At warp speed, hummingbirds do battle daily...Star Wars on the smallest scale.
A male Anna's Hummingbird watches from his treetop perch. He claims ownership of our backyard as his territory and he watches over it closely.
He doesn't like trespassers.
He scans the comings and goings of other hummingbirds who stop or pass too slowly, persuading them to leave before they get hurt.
His weapons are a swordlike bill and an awesome-hot helmut.
He controls his territory with all-out frontal attacks and a take no prisoners attitude.
This Broad-billed Hummingbird was one bird who lingered too long.
He received a high speed escort to anywhere else but here.
In this case the tresspasser escaped to a tree in the front yard, well away from the food at the backyard.
His only retort to this rude treatment was delivered after the fact.
This Costa's Hummingbird was similarly encouraged to leave, but the odds were more even here. The Costa's Hummingbird is capable of standing his ground against the Anna's Hummingbird, resulting in a begrudging agreement to share opposite sides of the feeder.
He's similarly adorned with an fabulous purple helmut and long gorgets, adding a dash of flare and fierceness to his look.
This first-year male Anna's Hummingbird doesn't stand a chance against the older male of his own kind. He takes flight at first sight of an attack.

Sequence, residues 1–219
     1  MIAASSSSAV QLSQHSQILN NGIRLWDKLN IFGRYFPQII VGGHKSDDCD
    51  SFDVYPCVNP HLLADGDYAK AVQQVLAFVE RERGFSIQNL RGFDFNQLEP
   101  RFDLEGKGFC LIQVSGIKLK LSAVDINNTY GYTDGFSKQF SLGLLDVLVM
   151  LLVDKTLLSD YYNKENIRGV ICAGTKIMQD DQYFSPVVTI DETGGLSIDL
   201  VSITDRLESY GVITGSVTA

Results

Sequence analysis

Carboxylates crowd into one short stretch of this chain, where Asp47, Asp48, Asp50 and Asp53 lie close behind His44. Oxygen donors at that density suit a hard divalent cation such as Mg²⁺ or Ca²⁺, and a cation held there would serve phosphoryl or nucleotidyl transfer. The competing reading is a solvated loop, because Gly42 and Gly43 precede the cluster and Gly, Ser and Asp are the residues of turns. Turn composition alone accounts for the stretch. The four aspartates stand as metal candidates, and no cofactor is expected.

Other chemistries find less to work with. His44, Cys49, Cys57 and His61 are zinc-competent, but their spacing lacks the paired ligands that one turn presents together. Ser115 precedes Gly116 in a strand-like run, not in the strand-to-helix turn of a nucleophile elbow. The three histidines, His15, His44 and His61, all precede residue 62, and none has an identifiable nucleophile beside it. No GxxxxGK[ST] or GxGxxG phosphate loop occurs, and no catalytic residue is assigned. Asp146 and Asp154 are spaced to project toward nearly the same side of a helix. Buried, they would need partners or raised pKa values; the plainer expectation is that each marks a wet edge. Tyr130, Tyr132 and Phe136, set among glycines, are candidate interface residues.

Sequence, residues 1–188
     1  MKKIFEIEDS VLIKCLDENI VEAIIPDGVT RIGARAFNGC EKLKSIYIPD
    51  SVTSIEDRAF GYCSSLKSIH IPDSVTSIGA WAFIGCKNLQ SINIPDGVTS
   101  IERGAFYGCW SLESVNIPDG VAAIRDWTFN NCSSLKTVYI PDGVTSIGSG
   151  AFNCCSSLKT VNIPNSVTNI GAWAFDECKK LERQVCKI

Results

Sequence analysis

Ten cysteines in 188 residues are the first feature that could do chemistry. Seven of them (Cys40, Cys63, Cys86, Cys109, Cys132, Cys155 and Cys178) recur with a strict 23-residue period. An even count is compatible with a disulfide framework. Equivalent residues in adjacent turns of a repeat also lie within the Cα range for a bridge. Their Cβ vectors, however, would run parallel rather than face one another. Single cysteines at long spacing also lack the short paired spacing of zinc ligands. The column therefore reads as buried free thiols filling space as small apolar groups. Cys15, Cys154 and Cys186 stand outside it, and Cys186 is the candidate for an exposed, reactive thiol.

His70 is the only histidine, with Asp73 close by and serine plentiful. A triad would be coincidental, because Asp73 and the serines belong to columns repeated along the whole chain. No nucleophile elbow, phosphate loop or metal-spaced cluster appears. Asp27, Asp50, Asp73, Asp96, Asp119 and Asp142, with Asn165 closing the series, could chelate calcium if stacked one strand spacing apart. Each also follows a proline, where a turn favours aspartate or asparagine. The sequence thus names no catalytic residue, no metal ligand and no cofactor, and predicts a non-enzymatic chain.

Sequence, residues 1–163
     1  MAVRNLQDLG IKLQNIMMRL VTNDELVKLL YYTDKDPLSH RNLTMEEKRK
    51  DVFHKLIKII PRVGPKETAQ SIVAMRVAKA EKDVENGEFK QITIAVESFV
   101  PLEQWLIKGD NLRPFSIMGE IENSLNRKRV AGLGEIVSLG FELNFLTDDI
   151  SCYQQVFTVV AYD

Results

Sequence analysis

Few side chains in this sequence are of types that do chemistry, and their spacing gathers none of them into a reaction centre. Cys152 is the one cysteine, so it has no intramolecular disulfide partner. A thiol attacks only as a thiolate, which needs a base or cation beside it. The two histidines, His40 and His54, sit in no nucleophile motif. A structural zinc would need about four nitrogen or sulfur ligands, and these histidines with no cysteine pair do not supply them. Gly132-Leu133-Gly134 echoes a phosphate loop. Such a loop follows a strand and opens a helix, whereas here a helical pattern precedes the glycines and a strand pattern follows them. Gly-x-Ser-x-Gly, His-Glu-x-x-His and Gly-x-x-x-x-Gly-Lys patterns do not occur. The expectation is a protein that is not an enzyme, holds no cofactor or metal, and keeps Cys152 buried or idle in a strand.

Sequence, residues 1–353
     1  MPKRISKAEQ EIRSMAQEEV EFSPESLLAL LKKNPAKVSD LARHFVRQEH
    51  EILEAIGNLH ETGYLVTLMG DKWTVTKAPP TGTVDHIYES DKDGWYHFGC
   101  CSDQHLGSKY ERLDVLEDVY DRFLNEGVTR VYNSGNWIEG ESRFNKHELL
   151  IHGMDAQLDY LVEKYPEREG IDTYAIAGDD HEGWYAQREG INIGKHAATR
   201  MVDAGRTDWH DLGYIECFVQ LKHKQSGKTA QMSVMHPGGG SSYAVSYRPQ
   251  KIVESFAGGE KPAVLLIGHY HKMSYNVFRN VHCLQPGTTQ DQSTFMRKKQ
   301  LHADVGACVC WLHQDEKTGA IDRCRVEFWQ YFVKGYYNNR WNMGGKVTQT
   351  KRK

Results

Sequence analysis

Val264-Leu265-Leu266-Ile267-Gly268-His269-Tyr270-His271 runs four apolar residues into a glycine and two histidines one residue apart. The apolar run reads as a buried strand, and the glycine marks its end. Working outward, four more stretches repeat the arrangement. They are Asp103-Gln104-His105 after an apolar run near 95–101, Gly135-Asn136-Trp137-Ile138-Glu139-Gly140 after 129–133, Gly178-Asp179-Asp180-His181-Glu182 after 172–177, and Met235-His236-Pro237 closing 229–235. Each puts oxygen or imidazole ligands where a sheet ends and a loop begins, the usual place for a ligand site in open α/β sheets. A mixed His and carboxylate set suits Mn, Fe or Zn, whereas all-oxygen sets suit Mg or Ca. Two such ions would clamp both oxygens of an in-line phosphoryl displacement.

He is just now sprouting the weapons he needs to defend a territory and attract a female.
Defending a territory takes a lot of energy...nectar.
Plain sugar water provides energy in a 4 to 1 ratio.
Even though I provide plenty of nectar, there seems to be a natural aversion to sharing this wealth of food.
It's a winner takes all world and the strong survive.
Aggression seems so unnecessary to an outsider, but nature plays by its own rules.
As the undisputed master of arial acrobatics, hummingbirds enforce their rules. Weighing in at only a nickel's weight, they maintain the smallest of no-fly zones. With landing gear extended, the male Anna's flutters into the treetop to resume the watch for challengers...whether real or imagined.
Credit: Cornell Lab of Ornithology, All About Birds